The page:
DeepMind, a British company owned by Google, maybe on the verge of achieving human-level artificial intelligence (AI). Nando de Freitas, a research scientist at DeepMind and machine learning professor at Oxford University, has said ‘the game is over’ in regards to solving the hardest challenges in the race to achieve artificial general intelligence (AGI).
AGI refers to a machine or program that has the ability to understand or learn any intellectual task that a human being can and do so without training. According to De Freitas, the quest for scientists is now scaling up AI programs, such as with more data and computing power, to create an AGI. Earlier this week, DeepMind unveiled a new AI ‘agent’ called Gato that can complete 604 different tasks ‘across a wide range of environments’.
Gato uses a single neural network – a computing system with interconnected nodes that works like nerve cells in the human brain. It can chat, caption images, stack blocks with a real robot arm and even play the 1980s home video game console Atari, DeepMind claims.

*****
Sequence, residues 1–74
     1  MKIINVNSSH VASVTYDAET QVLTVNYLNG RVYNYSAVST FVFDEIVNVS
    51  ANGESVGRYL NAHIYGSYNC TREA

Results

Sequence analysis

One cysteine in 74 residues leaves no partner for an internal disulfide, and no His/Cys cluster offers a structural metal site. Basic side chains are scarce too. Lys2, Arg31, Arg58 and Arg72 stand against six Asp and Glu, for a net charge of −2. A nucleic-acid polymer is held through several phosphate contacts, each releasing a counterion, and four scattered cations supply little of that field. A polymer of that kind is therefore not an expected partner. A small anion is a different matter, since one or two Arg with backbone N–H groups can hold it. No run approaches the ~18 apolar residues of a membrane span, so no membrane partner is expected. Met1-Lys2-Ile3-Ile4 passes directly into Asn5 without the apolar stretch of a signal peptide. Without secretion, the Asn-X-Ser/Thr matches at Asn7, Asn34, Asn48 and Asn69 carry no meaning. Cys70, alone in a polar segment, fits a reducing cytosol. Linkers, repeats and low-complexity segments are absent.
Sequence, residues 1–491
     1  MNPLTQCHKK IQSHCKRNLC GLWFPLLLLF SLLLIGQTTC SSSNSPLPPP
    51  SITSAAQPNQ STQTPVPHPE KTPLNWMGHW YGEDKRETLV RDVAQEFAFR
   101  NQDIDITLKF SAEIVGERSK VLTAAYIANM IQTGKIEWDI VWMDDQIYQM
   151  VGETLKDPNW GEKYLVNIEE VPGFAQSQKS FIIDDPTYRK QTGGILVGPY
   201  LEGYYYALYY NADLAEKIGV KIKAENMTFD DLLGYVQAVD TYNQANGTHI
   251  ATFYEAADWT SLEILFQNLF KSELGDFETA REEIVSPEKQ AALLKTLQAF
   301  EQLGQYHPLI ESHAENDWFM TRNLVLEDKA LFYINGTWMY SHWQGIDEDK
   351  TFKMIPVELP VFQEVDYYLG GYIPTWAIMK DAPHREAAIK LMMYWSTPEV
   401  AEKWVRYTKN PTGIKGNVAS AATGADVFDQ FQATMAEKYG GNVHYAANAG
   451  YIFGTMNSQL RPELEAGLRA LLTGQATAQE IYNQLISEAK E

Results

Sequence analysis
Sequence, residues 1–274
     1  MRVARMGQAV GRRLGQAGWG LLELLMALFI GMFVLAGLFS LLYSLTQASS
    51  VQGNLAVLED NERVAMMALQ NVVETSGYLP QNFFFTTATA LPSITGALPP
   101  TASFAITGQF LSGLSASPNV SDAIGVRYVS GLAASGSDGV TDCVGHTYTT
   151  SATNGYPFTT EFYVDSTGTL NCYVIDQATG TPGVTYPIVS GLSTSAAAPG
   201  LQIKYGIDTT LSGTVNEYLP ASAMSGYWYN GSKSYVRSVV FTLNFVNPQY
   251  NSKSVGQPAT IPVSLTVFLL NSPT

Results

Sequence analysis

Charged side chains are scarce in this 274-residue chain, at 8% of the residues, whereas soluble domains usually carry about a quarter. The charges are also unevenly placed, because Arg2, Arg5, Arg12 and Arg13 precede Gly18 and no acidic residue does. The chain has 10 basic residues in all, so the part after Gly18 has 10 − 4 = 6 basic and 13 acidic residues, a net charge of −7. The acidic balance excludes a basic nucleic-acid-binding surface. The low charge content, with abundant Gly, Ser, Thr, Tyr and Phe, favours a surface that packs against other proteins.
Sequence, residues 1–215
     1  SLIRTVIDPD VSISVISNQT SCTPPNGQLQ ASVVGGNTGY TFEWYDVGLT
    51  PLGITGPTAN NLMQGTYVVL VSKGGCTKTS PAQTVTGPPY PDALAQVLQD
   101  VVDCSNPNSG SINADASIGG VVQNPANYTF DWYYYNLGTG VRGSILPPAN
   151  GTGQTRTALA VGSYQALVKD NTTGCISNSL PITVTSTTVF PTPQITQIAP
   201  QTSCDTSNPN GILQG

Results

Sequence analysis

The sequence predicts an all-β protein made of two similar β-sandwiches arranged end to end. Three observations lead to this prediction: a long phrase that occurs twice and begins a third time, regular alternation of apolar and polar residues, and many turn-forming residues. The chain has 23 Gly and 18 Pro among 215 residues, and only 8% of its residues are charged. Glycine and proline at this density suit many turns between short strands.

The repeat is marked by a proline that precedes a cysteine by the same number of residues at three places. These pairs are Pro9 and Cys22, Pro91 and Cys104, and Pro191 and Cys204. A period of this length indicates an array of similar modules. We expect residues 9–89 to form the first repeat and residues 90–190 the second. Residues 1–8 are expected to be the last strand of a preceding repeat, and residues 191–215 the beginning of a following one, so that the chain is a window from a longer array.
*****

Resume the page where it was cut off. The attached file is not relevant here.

Responding to an opinion piece written in The Next Web that claimed “humans will never achieve AGI”, DeepMind’s research director wrote that it was his opinion that such an outcome is an inevitability. “It’s all about scale now! The Game is Over!” he wrote on Twitter.
“It’s all about making these models bigger, safer, compute efficient, faster at sampling, smarter memory, more modalities, innovative data, on/offline… Solving these challenges is what will deliver AGI.”
When asked by machine learning researcher Alex Dimikas how far he believed the Gato AI was from passing a real Turing test – a measure of computer intelligence that requires a human to be unable to distinguish a machine from another human – Dr de Freitas replied: “Far still.”
Leading AI researchers have warned that the advent of AGI could result in an existential catastrophe for humanity, with Oxford University Professor Nick Bostrom speculating that a “superintelligent” system that surpasses biological intelligence could see humans replaced as the dominant life form on Earth.
One of the main concerns with the arrival of an AGI system, capable of teaching itself and becoming exponentially smarter than humans, is that it would be impossible to switch off.
Fielding further questions from AI researchers on Twitter, Dr de Freitas said: “safety is of paramount importance” when developing AGI. “It’s probably the biggest challenge we face,” he wrote. “Everyone should be thinking about it. Lack of enough diversity also worries me a lot.”